V ref 1 = V IN = 2 V X , mas V ref 2 = V in - V X , max 2

It should be understood that the topology of the fast regulating converter (a buck converter in the example of FIG. 6) can be any type of power converter that is able to provide fast switching and efficient regulation of the output voltage for various input voltages (synchronous buck, three-level synchronous buck, SEPIC, soft switched or resonant converter, etc.). Similarly, the switched-capacitor circuit can be realized with a variety of topologies, depending on desired voltage transformation and permitted switch voltages.

Referring now to FIG. 8, yet another embodiment of a power converter circuit is shown. The circuit topology shown in FIG. 8 illustrates how the auxiliary converter can be used as a separate energy-recovering device, with an independent output voltage. In this embodiment, two parallel switched-capacitor circuits are employed, operating in anti-phase. When the capacitors of step-down cell 1 are charging in series (switches A closed, switches B open), the capacitors of cell 2 are discharging in parallel. The difference between the input voltage and the sum of the charging capacitors appears across the input terminal of the auxiliary converter. The charging energy can again be recovered by this auxiliary converter, providing a means for improving overall efficiency or increasing power density. It is important to note that the output voltage of the switched-capacitor stage, Vout1, can be regulated using the auxiliary converter. The auxiliary converter performs the regulating functions in a manner similar to some (lossy) current-controlled strategies. The auxiliary converter can again be any type of fast regulating converter, just as in the example of FIG. 6. The regulated output voltage Vout2 can be higher or lower than Vout1, depending on the choice of auxiliary converter. This voltage can be used for a variety of purposes. Examples include, but are not limited to: powering the SC transistors, fed back to the input, delivered to the output, or providing a separate output voltage for applications where that is desirable. Rtoad in this circuit can represent the actual load, or may represent the input impedance of another converter or set of converters for regulating system outputs.

Having described one or more preferred embodiments of the circuits, techniques and concepts described herein, it will now become apparent to those of ordinary skill in the art that other embodiments incorporating these circuits, techniques and concepts may be used. Accordingly, it is submitted that that the scope of the patent should not be limited to the described embodiments, but rather, should be limited only by the spirit and scope of the appended claims.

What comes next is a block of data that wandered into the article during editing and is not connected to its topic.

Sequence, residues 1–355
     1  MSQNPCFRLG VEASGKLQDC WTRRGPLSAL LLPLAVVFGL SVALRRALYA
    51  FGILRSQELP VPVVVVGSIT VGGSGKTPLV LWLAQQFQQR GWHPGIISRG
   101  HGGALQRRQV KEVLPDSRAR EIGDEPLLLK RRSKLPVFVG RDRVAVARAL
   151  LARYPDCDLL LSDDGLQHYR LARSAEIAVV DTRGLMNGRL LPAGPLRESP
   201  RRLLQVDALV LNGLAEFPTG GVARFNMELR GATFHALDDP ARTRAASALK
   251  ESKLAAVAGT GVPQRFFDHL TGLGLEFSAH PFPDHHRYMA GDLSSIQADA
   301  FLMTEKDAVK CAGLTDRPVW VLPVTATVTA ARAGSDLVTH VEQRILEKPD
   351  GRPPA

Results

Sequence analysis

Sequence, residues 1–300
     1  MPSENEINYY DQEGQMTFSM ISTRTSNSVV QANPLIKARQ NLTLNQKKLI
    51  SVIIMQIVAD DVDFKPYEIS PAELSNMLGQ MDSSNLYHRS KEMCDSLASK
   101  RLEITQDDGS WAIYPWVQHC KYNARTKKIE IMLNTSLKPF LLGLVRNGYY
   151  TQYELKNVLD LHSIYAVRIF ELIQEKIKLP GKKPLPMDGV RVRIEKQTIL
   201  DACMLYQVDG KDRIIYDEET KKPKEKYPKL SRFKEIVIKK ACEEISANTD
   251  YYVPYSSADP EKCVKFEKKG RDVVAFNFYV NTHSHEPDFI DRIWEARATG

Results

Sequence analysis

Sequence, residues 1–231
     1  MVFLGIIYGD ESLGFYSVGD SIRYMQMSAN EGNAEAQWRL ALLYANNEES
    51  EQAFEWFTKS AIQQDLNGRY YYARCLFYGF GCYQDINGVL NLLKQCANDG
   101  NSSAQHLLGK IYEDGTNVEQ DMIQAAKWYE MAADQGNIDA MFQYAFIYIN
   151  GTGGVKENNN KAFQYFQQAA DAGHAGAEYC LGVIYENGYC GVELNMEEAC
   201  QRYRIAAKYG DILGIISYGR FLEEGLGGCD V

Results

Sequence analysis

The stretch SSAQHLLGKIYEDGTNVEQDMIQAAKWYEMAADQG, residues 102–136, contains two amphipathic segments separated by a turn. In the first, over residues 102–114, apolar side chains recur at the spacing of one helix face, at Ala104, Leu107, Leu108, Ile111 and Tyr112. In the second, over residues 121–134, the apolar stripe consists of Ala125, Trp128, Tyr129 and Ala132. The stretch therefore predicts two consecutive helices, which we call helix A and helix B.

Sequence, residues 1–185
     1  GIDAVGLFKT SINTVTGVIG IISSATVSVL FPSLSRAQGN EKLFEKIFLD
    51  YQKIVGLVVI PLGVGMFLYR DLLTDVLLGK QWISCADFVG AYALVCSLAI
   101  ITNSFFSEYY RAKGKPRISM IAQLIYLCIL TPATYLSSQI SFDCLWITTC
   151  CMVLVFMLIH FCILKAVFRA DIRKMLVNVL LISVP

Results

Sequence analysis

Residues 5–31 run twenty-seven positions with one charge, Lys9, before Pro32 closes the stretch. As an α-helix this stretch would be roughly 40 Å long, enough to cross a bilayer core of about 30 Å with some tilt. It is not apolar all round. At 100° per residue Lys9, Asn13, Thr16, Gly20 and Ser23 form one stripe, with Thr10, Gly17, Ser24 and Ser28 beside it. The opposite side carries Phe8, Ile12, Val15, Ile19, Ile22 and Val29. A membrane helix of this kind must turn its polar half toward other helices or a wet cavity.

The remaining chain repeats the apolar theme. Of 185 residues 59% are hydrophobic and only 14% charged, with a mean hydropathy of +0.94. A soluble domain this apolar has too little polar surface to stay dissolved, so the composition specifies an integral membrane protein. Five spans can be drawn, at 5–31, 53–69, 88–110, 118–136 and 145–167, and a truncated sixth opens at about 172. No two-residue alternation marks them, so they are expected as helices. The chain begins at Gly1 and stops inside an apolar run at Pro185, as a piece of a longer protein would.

Claims (20)

What is claimed is:
1. A converter circuit comprising:
a switched capacitor transformation stage having a transformation stage input port and a transformation stage output port, said switched capacitor transformation stage comprising one or more switches and one or more capacitors and said switched capacitor transformation stage configured to accept an input voltage at the transformation stage input port and provide an intermediate output voltage at the transformation stage output port;
an auxiliary converter stage having an input coupled to said switched capacitor transformation stage, said auxiliary converter stage comprising one or more switches and one or more magnetic energy storage components configured to recover energy normally dissipated in capacitors of said switched capacitor transformation stage via said one or more magnetic energy storage components.
2. A converter circuit comprising:
a switched capacitor transformation stage having an input port and an output port, the switched capacitor transformation stage comprising one or more switches and one or more capacitors, the switched capacitor transformation stage configured to accept an input voltage at the input port and provide an intermediate output voltage at the output port;
an auxiliary converter stage having an input coupled to the switched capacitor transformation stage, the auxiliary converter stage comprising a plurality of switches, a plurality of capacitors and one or more magnetic energy storage components configured to recover energy normally dissipated in the switched capacitor transformation stage; and
a switching converter regulation stage having an output port and an input port coupled to the switched capacitor transformation stage output port to accept the intermediate voltage, the switching converter regulation stage configured to generate an output voltage of the converter circuit at the switching converter regulation stage output port.
3. The converter circuit of claim 2, further comprising:
a controller configured to provide one or more control signals to each of the switched capacitor transformation stage, the auxiliary converter stage and the switching converter regulation stage.
4. The converter circuit of claim 3, wherein the controller is configured to cause the switched capacitor transformation stage to operate at a first frequency, cause the switching converter regulation stage to operate at a second frequency, and cause the auxiliary converter stage to operate at a third frequency, wherein the first frequency is less than the second and third frequencies.